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Valentine’s Day: The flower industry was wilted by COVID-19, but preservation remains a thorny problem

Cut flowers are internationally a multi-billion-dollar business, closely connected to social activities and holidays, such as Christmas, Hanukkah and Mother’s Day, and to happy and sad times, such as weddings and funerals.

Valentine’s Day: The flower industry was wilted by COVID-19, but preservation remains a thorny problem
12.02.2021 17:38
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Since 2019, the worldwide cut flower market had been blooming. The market for cut flowers, houseplants and landscape greenery was expected to grow rougly 6.3 percent over the five years ending in 2024.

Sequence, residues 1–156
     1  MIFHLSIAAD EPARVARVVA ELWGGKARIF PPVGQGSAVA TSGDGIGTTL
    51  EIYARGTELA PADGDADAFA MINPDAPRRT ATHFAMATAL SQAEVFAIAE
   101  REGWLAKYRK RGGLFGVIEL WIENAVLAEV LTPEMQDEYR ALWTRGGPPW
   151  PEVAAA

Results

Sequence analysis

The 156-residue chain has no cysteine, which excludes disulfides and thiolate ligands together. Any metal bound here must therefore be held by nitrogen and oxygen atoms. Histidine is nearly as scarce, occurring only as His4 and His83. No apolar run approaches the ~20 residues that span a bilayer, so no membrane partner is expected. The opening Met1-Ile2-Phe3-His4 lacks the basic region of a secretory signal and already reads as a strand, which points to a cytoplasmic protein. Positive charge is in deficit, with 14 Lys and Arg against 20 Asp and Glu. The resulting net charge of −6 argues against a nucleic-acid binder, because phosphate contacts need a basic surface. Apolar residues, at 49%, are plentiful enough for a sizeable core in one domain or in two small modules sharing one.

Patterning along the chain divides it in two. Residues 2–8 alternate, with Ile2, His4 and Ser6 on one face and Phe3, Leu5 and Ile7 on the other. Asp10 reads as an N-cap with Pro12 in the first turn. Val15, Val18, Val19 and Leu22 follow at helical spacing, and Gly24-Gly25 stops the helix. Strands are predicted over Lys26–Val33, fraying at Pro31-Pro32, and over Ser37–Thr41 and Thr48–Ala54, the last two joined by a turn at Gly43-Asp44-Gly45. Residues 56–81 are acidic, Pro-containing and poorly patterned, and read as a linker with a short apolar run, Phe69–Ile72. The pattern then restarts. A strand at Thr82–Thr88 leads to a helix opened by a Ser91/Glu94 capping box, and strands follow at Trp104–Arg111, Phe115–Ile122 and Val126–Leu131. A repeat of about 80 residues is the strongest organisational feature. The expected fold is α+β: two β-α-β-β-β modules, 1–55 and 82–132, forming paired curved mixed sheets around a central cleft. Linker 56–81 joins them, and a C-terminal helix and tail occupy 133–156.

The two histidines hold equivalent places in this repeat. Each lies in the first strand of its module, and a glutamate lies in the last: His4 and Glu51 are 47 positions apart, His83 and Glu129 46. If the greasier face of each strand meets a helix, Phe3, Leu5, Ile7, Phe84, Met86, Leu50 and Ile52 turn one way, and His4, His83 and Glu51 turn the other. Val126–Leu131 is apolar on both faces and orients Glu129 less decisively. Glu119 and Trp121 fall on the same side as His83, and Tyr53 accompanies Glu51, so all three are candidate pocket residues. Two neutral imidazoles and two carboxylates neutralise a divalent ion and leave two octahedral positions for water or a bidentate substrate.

Jackie Bell-Jones, who owns Burke Flowers, confirms it was “not a huge shift” to adapt her operation to the new reality. The majority of her business was already not done in person.

“Business is up (on the delivery side),” she said, although wedding orders have fallen off.

Florists are small businesses. In both Canada and the United States, the average florist has only about two employees. In Canada, the florist industry consists of an estimated 2,822 retail businesses, 5,054 employees and annual sales revenue of $602 million. In the U.S. last year, there were 31,663 florists, with 65,000 employees, in a US$5 billion market.

Tony Elenis, head of the Ontario Restaurant Hotel and Motel Association, said Valentine’s Day although not as important as Mother’s Day or Father’s Day for eateries was still a big one in pre-pandemic times.

“Valentine’s Day is a busy day, absolutely,” he said. “Valentine’s is a day that restaurants are spotlighted.”